Lysozyme is known to kill or inhibit the growth of bacteria and fungi, and is used in Europe to control the growth of the spoilage organism Clostridium tyrobutyrucum is cheese. It has also been proposed for use in a variety of other food preservation applications and has been reported to inhibit the growth of (and in some cases kill) Listeria monocytogenes (Hughey et al, 1987, Appl. Environ. Microbiol 53:2165-2170).
Published Australian patent application AU-A-18604/88 discloses the use of bacterialyzing enzyme products with N-acetylmuramidase, e.g. lysozyme, together with non-enzymatic preservatives for preserving foodstuffs. Non-enzymatic preservatives mentioned in this publication are complexing agents such as citric acid and EDTA, amino acids, particularly proteinogenic acids, such as cysteine, alanine, tyrosine and glycine and nucleosides and nucleotides such as inosine 5'-inosine monophosphate or phosphates such as tetrasodiumpyrophosphate (diphosphate), sodium tripolyphosphate (triphosphate) and polyphosphate or reddening agents such as alkali metal nitrates.
Lysozyme has been used for many years to prepare protoplasts of gram negative and gram positive bacteria to study cell membrane structure, function and interactions with various compounds. The mechanism of action of nisin was explored using protoplasts by Henning et al. (1986. International J. of Food Microbiology 3:121-134). They prepared protoplasts of Micrococcus luteus in an osmotically stabilized medium, and compared the action of nisin on these cells to the naturally occurring, cell wall deficient bacteria ("L-forms") of Proteus mirablis. Untreated cells, the protoplasts and L-forms were shown to be susceptible to nisin, demonstrating that the cell wall was not the target for nisin activity. There was no indication that lysozyme treated cells were more sensitive to nisin.
Jaynes et al., supra, describe the synergistic combination of "lytic peptides" from insect hemolymph and lysozyme for the lysis of mammalian cells infected with eucaryotic and procaryotic parasites and mention that the combination is also effective against bacteria.
In recently published international application WO89/12399 there is described a method whereby gram negative bacteria are controlled by a lanthionine containing bacteriocin in combination with a chelating agent and/or a detergent.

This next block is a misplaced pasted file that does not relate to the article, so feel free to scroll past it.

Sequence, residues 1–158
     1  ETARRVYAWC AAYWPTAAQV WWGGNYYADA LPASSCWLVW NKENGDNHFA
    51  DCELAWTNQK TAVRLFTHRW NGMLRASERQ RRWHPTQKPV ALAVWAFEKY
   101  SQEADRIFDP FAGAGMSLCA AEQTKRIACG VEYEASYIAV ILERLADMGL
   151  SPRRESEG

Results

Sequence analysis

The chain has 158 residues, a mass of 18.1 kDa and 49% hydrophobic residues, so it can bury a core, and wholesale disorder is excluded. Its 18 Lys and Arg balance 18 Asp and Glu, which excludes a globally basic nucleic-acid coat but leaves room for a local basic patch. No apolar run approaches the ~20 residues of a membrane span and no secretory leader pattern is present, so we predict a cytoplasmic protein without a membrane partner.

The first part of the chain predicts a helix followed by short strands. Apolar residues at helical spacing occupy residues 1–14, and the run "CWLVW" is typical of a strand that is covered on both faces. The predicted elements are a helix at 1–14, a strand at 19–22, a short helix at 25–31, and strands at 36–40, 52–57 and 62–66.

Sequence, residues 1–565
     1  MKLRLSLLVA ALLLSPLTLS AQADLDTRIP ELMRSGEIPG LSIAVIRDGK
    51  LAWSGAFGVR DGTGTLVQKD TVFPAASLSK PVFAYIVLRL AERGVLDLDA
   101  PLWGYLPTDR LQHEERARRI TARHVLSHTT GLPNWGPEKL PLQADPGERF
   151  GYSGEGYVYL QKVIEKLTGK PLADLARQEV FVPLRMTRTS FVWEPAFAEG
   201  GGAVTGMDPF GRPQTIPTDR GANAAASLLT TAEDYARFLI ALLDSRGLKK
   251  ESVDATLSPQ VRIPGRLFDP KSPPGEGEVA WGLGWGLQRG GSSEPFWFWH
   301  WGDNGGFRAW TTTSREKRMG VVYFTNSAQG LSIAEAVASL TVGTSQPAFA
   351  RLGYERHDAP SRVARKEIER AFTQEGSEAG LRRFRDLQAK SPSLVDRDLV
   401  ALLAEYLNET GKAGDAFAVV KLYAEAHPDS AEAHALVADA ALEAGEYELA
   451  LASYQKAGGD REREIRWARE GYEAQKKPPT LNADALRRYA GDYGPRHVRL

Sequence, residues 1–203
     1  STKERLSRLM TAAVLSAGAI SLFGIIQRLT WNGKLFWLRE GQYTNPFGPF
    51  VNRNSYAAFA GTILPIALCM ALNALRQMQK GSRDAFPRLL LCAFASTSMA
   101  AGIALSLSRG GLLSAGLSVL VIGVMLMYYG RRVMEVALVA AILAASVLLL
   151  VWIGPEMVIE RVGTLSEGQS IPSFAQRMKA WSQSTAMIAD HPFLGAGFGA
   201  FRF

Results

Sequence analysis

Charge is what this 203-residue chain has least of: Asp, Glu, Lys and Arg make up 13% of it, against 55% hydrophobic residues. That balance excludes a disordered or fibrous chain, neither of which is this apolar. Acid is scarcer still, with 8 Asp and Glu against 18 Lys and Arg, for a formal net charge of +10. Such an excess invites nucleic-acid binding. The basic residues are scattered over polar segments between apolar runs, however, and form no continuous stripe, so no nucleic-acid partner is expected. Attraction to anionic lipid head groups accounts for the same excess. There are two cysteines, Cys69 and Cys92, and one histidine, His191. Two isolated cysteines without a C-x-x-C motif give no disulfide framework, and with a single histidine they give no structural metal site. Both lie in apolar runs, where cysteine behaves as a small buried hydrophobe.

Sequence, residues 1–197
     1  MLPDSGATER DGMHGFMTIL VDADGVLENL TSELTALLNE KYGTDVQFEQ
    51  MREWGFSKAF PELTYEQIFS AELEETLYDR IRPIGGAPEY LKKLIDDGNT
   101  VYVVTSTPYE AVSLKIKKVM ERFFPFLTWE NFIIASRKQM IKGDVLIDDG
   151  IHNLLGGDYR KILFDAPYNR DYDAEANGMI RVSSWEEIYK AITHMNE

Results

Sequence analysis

Recombinant DNA, protein engineering and chemical modification technologies can be used to effect subtle modifications of peptides and proteins to alter certain aspects of the molecules and to allow expression in new hosts. For example, the expression of nisin in new hosts is described in U.S. Pat. No. 4,740,593, and the genes for T4, human and egg white lysozyme as well as nisin and other "lantiotics" have been cloned. Human lysozyme has been expressed in Bacillus subtilus and Saccharomyces cerevisiae. These homologous molecules (nisin, epidermin, subtilin, etc. and T4, human and egg white lysozyme) should be considered as synonomous with nisin and lysozyme in the context of the present invention. It should not be necessary to use the pure components to achieve the synergistic effect. For example the combination of raw egg whites and nisin fermentation broth should exhibit synergistic anti-bacterial properties.
While nisin and lysozyme have been shown to individually inhibit the growth of some bacteria, it is not clear that either lysozyme or nisin by themselves can sufficiently inhibit the growth of these microorganisms when applied in economically feasible concentrations.
FIG. 1 is a graphical representation of lysis of Listeria monocytogenes by a combination of lysozyme and nisin as a function of pH.
FIG. 2 is a graphical representation of lysis of L. monocytogenes (as expressed by change in absorbance) as a function of concentration of nisin with a constant concentration of lysozyme.
FIG. 3 is a surface response model illustrating the control of L. monocytogenes on raw sausage as a function of the concentration of both nisin and lysteria.
The present invention is a method of controlling undesirable procaryotic microorganisms in an environment amenable to their growth which comprises adding to such environment a synergistically effective combination of a lantibiotic and lysozyme in an amount and under conditions sufficient for control of the bacteria.
The synergistic combination has exhibited the ability to inhibit the growth of gram negative and/or gram positive bacteria in some cases. In other situations the combination is lethal to the bacteria.
The present invention relates to the observation that one or more lantibiotic and lysozyme, in combination, can be used at significantly lower concentrations than either component alone to yield a similar degree of control of procaryotic microorganisms. Nisin, the best known lantibiotic, and lysozyme have been used separately in a variety of food preservation applications, e.g. they have been used individually to control pathogenic organisms such as Clostridium botulinum and spoilage organisms such as C. tyrobutyricum in dairy products, processed meats, sea foods, fresh and processed vegetables, seafood products, vegetable and fruit juices and beverages (both soft drinks and alcoholic). These food groups and beverages are exemplary of consumables that can be treated with the synergistic combination of the present invention. However, the cost of these substances has hindered the commercial acceptance of these applications. The antimicrobial properties of nisin and lysozyme are also useful in non-food applications including the control of certain infections in humans and animals, the control of microbial growth in chemical feedstocks and industrial products and in cleaning applications such as decontamination of surfaces having microbial contamination.